San Bartolo Coyotepec

Town & Municipality total_type Municipality motto image_skyline CourtyardDRSBC1.JPG imagesize image_caption '''Barro negro pottery''', in the courtyard shop of the Doña Rosa Workshop, San Bartolo Coyotepec image_flag flag_size image_seal seal_size image_shield shield_size

work templates enciclo oaxaca municipios 20115a.htm work Enciclopedia de los Municipios de México publisher Instituto Nacional para el Federalismo y el Desarrollo Municipal accessdate March 10, 2010 The town is best known for its ''Barro negro pottery'' - black clay pottery (barro Negro pottery). For hundreds of years pottery has been made here with a gray matte finish, but in the 1950s a technique was devised to give the pieces a shiny black finish without painting. This has

made the pottery far more popular and collectable. ref


Santa María Atzompa

of the ancient Zapotec (Zapotec peoples) city of Monte Albán. Since its founding, pottery making has been a major economic activity and the town is currently known for its green-glazed pottery. This pottery used to be shipped all over Mexico and exported to the United States but today most of this pottery is sold locally. Beginning in 2009, there has been excavation at the Atzompa archeological site, leading to the discovery of a 45-meter Mesoamerican ball court, which has been determined

to have been on the principal one for Monte Alban. Today, the town is rustic with the smoke of wood-fired pottery kilns ever present. Poverty has been a concern for the town

below, partly as a bulwark against the neighboring Mixtec. There is also evidence that the town served as the last way station for quarried stone making its way to the construction of the last buildings in the city of Monte Alban. Objects found at the site include local barro negro pottery as well as obsidian and other objects showing trade connections with areas such as Teotihuacan, Sierra de las Navajas in Hidalgo (Hidalgo (state)) and Guatemala. ref name "pelota


Fustat

for Islamic ceramics during the Fatimid period. Fustat was the center of power in Egypt under the Umayyad dynasty, which had started with the rule of Muawiyah I, and headed the Islamic caliphate from 660 to 750. However

-i-Khusron , wrote of the exotic and beautiful wares in the Fustat markets: iridescent pottery, crystal, and many fruits and flowers, even during the winter months. From 975 to 1075, Fustat was a major production centre for Islamic art and ceramics (Islamic pottery), and one of the wealthiest cities in the world. Mason (1995) pp.5–7 One report stated that it paid taxes that were equivalent to US$150,000 per day, to the administration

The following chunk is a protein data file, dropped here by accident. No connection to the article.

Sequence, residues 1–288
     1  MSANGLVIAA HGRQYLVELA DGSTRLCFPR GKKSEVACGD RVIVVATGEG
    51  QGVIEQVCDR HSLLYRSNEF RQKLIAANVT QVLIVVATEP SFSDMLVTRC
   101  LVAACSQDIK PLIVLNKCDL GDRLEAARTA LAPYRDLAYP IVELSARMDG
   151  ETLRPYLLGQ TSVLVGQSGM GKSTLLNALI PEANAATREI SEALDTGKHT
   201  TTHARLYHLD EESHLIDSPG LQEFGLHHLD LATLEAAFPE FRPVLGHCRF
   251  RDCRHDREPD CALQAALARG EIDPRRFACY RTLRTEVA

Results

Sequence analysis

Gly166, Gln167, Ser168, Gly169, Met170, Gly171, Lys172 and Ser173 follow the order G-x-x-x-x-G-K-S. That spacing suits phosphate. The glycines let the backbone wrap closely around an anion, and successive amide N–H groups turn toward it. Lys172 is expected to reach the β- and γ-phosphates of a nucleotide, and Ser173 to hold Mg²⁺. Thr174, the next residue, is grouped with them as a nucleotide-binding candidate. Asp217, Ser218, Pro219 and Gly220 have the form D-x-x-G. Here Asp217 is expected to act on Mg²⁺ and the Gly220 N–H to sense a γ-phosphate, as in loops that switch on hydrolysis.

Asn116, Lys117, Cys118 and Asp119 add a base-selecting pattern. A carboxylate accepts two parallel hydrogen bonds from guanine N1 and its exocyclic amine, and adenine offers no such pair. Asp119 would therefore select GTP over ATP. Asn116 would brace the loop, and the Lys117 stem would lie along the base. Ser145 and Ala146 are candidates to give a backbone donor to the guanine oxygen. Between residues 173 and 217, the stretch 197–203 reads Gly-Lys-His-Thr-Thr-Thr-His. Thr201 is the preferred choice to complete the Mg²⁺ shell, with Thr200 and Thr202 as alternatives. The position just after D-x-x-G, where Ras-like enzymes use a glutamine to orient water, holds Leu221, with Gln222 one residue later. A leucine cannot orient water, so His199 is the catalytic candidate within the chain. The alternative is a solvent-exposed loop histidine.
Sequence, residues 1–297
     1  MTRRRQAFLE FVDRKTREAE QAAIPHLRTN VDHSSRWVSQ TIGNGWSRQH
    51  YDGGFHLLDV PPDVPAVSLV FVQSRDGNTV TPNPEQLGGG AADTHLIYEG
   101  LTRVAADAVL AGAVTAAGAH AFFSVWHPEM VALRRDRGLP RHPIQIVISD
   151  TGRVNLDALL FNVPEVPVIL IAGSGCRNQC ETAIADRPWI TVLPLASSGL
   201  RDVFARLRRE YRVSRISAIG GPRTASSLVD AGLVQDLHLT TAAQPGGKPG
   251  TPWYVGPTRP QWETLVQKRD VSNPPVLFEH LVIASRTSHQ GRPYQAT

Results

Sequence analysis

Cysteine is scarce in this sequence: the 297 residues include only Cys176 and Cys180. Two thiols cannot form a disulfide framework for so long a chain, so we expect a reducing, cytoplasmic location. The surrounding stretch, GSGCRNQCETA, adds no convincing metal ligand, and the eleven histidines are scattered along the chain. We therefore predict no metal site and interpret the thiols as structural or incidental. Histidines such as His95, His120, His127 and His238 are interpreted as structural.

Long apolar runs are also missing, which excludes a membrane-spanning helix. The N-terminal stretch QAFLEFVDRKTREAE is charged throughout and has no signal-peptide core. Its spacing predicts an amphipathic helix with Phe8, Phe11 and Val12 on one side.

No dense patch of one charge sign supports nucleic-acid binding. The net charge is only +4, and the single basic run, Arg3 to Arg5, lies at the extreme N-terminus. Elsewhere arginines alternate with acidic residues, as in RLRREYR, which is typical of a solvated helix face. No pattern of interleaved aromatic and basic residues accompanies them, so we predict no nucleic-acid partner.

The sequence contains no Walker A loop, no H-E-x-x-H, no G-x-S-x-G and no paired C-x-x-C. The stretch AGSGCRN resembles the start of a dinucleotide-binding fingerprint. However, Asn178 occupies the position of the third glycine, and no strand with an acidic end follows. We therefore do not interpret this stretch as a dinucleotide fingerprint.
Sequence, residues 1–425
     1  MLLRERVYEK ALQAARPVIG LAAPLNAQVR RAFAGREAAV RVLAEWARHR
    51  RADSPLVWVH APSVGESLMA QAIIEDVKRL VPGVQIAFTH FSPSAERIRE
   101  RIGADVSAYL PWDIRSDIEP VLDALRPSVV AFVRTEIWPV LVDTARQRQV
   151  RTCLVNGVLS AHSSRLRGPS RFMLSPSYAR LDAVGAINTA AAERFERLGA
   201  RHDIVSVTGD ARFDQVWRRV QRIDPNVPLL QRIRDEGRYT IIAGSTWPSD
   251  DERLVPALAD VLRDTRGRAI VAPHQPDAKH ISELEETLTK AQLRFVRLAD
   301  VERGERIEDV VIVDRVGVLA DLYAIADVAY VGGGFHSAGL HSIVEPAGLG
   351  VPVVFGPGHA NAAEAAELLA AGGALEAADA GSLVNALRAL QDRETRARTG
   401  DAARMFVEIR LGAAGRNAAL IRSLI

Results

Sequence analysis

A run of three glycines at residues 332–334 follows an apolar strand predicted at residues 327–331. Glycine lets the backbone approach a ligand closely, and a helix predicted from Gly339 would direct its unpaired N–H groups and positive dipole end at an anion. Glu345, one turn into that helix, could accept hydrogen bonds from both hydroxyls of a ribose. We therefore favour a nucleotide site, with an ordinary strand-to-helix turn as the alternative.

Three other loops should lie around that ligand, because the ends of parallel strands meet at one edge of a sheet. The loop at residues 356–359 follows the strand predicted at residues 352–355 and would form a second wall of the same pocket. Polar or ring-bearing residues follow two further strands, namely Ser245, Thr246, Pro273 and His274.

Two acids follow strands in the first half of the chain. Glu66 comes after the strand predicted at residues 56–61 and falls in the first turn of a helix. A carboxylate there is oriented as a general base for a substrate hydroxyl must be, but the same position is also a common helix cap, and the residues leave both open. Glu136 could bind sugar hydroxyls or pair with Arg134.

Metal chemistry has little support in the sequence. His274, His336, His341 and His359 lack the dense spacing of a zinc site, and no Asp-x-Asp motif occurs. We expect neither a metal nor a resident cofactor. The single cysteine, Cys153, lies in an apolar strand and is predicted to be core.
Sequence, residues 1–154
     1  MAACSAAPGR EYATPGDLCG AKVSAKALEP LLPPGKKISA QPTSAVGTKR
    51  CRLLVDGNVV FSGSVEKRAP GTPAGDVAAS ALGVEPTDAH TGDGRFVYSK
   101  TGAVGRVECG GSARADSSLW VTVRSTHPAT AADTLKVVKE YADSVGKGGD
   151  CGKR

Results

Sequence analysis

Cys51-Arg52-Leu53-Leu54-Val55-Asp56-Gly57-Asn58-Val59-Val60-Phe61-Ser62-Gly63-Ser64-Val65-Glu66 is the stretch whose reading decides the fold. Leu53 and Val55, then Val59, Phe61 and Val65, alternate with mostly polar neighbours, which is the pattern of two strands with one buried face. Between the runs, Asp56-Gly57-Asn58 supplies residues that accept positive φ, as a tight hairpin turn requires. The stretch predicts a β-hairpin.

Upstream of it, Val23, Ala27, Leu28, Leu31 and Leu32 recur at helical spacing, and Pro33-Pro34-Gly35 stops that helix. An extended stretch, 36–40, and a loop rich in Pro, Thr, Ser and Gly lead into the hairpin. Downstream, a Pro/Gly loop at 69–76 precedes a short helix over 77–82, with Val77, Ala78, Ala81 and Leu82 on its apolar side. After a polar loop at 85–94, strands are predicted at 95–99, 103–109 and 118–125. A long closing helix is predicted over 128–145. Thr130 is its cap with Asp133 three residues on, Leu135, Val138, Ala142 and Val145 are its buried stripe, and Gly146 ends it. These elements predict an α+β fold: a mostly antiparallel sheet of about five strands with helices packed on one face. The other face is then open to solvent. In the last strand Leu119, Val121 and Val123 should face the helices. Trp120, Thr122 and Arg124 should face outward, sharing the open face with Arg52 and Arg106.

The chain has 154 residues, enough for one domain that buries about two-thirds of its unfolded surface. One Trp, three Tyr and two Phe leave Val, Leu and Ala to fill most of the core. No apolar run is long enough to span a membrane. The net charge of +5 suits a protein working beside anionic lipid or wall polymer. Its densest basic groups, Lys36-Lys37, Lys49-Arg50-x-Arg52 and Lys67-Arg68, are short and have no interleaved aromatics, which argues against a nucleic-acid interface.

Boston isbn 978-1-590-30517-1 While the Mamluks were in power from the 13th century to the 16th century, the area of Fustat was used as a rubbish dump, though it still maintained a population of thousands, with the primary crafts being those of pottery and trash-collecting. The layers of garbage accumulated over hundreds of years, and gradually the population decreased, leaving what had once been a thriving city as an effective wasteland. Modern


Ar-Raqqah

. During this period there was also a thriving industrial complex located between the twin cities. Both German and English teams have excavated parts of the industrial complex revealing comprehensive evidence for pottery and glass production. Apart from large dumps of debris the evidence consisted of pottery and glass workshops containing the remains of pottery kilns and glass furnaces. ref>

; ref Islamic art has very notable achievements in ceramics, both in pottery and tiles for walls, which in the absence of wall-paintings were taken to heights unmatched by other cultures. Early pottery is often unglazed, but tin-opacified glazing (Tin-glazing) was one of the earliest new technologies developed by the Islamic potters. The first Islamic opaque glazes can be found as blue-painted ware in Basra, dating to around the 8th century. Another significant contribution